The fruit, which is rich in carbohydrates, protein, fat and sulfurous compounds (thus the smell), is said here to be "heaty," and can therefore be deadly for those with high blood pressure, according to Wilailak Srisura, a nutritionist at Thailand's Department of Health.
Tradition also dictates that mixing alcohol with durian should be avoided at all costs.
"Durian makes you hot and alcohol makes you hot, so it's double heat," said Somchai Tadchang, the owner of a durian orchard on Kret, an island on the Chao Phraya river north of Bangkok, where special Gan Yao (long stem) durians sell for upwards of $40 a fruit, the equivalent of several days' wages for a laborer here.
Songpol says he has not found a scientific reason why durian and alcohol are incompatible, but would not dare consume both at the same time.
He claims to have recently cut back on his personal durian consumption for health reasons ("Fat!" his secretary exclaims), but his work requires him to taste 1,000 durians each season at the research orchard here.
Born and reared in a durian orchard, Songpol started studying the fruit in 1977 as a graduate student in horticulture. Worried that some durian varieties were disappearing as cultivation was becoming increasingly commercialized, Songpol collected dozens of varieties from around Thailand and planted them at the Chantaburi Horticultural Research Center, which now serves as sort of a Thai durian seed bank.
The center is a horticultural Eden with flower beds and streams rimming the rows of experimental durian trees that are shadowed by nearby low-lying, jungle-covered mountains. Songpol experimented with hundreds of different combinations before discovering Chantaburi No. 1, a cross between the Montong and Chanee varieties, the most common found in Thailand today.
It's difficult to believe that any durian would be completely without odor, especially after being cracked open. This year's harvest is not yet ripe, but those who have smelled and tasted last year's say the fruit had a very faint odor.
Saowanee Srisuma, the caretaker of the durian orchard here, says it is the least-smelling durian she has encountered in her 10 years of work on the farm. Suchart Vichitrananda, the director of Horticulture Research Institute where Songpol works, says Chantaburi No. 1 does not smell but he hesitates when describing the taste. "I can't say it's better than the original durian, but it'll do."
Songpol's plan is to replace the Chanee, which farmers have a difficult time selling because of its stronger smell, and plant one million seedlings of the no-smell durian over the next five years, covering about 6,400 hectares, or 15,810 acres, an area slightly larger than Manhattan. Exporters are enthusiastic.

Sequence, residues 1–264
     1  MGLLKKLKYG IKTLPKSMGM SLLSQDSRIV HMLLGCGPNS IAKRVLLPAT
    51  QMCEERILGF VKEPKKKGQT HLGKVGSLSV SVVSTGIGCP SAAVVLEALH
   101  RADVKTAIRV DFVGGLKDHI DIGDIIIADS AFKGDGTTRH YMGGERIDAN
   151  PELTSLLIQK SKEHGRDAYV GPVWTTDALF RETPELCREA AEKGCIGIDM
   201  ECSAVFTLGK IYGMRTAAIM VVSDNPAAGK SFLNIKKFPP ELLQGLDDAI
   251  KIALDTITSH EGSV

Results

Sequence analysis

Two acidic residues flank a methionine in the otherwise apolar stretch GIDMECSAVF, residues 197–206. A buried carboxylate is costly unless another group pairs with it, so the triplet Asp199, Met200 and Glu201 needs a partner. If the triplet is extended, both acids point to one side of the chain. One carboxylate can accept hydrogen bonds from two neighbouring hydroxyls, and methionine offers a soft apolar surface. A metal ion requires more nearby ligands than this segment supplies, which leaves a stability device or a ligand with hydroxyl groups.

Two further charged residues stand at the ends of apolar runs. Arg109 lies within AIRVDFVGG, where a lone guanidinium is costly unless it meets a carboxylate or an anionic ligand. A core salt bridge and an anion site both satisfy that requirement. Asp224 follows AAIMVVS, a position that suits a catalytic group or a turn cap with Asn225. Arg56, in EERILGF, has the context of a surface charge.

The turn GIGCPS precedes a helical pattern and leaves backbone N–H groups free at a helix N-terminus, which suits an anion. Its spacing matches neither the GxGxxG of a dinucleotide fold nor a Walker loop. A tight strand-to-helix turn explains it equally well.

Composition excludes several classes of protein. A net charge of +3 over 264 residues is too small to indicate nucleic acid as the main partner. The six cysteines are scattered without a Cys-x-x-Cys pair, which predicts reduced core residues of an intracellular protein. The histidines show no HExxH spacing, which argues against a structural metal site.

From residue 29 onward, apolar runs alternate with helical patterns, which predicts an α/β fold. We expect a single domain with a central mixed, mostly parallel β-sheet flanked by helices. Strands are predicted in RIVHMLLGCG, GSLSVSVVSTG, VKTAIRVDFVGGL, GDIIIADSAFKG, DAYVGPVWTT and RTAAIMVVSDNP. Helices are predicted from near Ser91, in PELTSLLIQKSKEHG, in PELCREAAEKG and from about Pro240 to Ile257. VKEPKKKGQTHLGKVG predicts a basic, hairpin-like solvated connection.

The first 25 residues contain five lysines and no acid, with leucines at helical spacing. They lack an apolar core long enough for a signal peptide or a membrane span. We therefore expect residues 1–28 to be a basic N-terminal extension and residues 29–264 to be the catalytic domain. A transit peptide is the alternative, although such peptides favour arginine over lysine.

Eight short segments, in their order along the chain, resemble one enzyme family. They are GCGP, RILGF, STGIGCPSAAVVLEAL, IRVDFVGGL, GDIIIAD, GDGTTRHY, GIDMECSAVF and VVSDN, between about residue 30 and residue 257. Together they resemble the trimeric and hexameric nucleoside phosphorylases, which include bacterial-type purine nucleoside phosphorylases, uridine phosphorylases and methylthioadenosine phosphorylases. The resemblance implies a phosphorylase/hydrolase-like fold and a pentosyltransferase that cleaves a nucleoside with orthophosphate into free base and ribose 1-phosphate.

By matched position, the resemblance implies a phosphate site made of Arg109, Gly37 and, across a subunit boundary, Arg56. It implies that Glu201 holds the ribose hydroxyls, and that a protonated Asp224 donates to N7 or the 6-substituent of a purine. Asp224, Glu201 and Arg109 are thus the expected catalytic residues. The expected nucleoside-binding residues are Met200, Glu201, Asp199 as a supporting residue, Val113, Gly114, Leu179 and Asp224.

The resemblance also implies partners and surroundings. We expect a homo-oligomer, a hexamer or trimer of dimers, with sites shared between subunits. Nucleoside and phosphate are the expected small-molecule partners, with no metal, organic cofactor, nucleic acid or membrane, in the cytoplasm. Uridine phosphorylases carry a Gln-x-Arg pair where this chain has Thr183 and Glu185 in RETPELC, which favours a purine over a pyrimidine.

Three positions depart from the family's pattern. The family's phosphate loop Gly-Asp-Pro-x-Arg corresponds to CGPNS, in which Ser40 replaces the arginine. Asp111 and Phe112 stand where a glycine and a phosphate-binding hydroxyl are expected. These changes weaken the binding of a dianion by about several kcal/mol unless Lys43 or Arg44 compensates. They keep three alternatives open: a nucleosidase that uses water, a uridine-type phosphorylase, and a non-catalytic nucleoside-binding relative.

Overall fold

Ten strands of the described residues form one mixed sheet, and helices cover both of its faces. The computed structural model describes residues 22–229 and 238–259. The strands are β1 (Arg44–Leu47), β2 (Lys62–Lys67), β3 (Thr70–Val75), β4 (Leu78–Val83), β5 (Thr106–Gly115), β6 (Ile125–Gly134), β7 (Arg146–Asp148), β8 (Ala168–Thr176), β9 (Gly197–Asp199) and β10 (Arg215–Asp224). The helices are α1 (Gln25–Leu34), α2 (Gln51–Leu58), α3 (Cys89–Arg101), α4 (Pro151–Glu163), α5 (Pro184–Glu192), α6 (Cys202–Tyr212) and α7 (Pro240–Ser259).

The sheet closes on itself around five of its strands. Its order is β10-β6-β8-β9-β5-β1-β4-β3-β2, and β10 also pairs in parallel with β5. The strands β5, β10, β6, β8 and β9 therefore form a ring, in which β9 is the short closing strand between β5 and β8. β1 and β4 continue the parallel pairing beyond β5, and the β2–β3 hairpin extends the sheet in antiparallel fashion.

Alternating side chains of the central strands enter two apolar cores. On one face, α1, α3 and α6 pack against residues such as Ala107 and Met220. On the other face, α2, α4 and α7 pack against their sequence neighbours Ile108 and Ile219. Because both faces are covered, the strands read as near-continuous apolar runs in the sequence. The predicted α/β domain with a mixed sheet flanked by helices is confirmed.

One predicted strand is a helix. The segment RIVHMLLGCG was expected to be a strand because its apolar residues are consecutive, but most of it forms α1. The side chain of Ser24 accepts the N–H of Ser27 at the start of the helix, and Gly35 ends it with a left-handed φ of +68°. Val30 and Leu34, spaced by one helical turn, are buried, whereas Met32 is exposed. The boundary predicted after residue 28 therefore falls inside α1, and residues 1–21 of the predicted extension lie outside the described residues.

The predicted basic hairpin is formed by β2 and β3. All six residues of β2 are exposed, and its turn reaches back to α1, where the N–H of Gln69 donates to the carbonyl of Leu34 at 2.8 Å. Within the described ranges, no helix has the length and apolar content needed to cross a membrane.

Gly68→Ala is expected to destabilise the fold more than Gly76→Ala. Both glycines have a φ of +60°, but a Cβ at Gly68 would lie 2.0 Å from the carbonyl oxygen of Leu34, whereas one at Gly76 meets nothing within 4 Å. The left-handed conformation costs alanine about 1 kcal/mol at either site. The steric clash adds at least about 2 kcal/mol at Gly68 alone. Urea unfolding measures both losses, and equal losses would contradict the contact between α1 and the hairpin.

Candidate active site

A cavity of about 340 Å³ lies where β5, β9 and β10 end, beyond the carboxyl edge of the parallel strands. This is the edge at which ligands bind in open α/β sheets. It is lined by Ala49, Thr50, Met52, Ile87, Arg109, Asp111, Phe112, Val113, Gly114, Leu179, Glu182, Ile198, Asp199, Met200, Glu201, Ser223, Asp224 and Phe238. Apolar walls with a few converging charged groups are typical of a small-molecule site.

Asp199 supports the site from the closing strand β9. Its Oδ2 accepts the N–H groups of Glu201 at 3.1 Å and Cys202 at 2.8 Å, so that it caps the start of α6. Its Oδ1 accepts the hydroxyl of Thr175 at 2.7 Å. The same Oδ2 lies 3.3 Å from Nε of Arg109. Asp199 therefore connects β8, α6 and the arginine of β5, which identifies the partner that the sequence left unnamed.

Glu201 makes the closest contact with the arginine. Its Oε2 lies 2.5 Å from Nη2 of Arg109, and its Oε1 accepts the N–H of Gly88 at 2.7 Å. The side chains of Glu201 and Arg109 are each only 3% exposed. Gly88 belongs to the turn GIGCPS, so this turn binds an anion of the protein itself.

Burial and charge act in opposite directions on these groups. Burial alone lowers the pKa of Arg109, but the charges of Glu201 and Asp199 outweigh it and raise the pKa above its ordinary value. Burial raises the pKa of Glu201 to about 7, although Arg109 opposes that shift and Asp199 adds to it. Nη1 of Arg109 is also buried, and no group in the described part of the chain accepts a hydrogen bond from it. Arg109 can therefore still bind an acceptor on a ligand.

"It's a very good idea," said Kiattisak Tangchareonsutthichai, owner of Thai Hong, a company that exports about 2.5 million kilograms, or 2,755 tons, of durian a year to China. "It's an opportunity for us to export more to new markets that don't like the strong smell."
But the fear of many durian lovers is that the odorless variety is just another step toward the erosion of durian culture.
Durians are a social fruit, traditionally sold on the roadside and eaten by groups of friends sitting on cheap plastic stools, the ubiquitous furniture of Southeast Asian outdoor food stalls. Each fruit is analyzed in the same way that wine is sniffed and discussed at a Parisian dinner party. Also like wine, durian culture dictates that if the customer tastes it and does not like it, he can send it back.
As the region modernizes, durian culture, too, is changing. Durians are increasingly sold cut up under plastic wrap in supermarkets.
In Thailand, which has aggressively commercialized the fruit, farmers specialize in Montong, a sweet, almost saccharine, and easy-to-eat variety. Thai farmers use chemicals to coax durian trees to bear fruit in the off-season, so Montong are available year-round and are sold around the world. Thailand last year sold about 50 million durians abroad, worth about 3.2 billion baht, or $90 million.
Durian traditions are perhaps strongest in Malaysia, Singapore and Indonesia. Malay durians, many of them known only as "kampung," or country village varieties, are typically more wild, unpredictable, sometimes bitter and almost always pungent.
"To anyone who doesn't like durian, it smells like a bunch of dead cats," said Halliday, the food writer. "But as you get to appreciate durian, the smell is not offensive at all. It's attractive. It makes you drool like a mastiff."
Thailand's Montong, by contrast, has a largely uniform, bubble gum-like flavor.
The growing rift between Thailand and its southern neighbors is probably best summed up by the way the fruit is harvested: In Thailand's more efficient, standardized and productive system, durians are cut from trees and sometimes frozen for export. Malaysian and Indonesian farmers wait until the durians fall, often setting up nets to catch the fruit to avoid its cracking on impact.
The nets also ensure that the durians, which grow on tall trees, do not fall on someone's head, a painful prospect given the fruit's extremely sharp spikes.
Songpol says he is also trying to breed a thornless durian by crossing varieties from the southern Philippines. "I hope in the next two to three years we will get a flower," Songpol said.
For lovers of durian - which gets its name from "duri," the Malay word for thorn - this is too much to bear.
"You might as well be eating watermelon," Halliday said.
Pornnapa Wongakanit contributed reporting from Bangkok.
(Source: IHT News)
位置在： 4:55 AM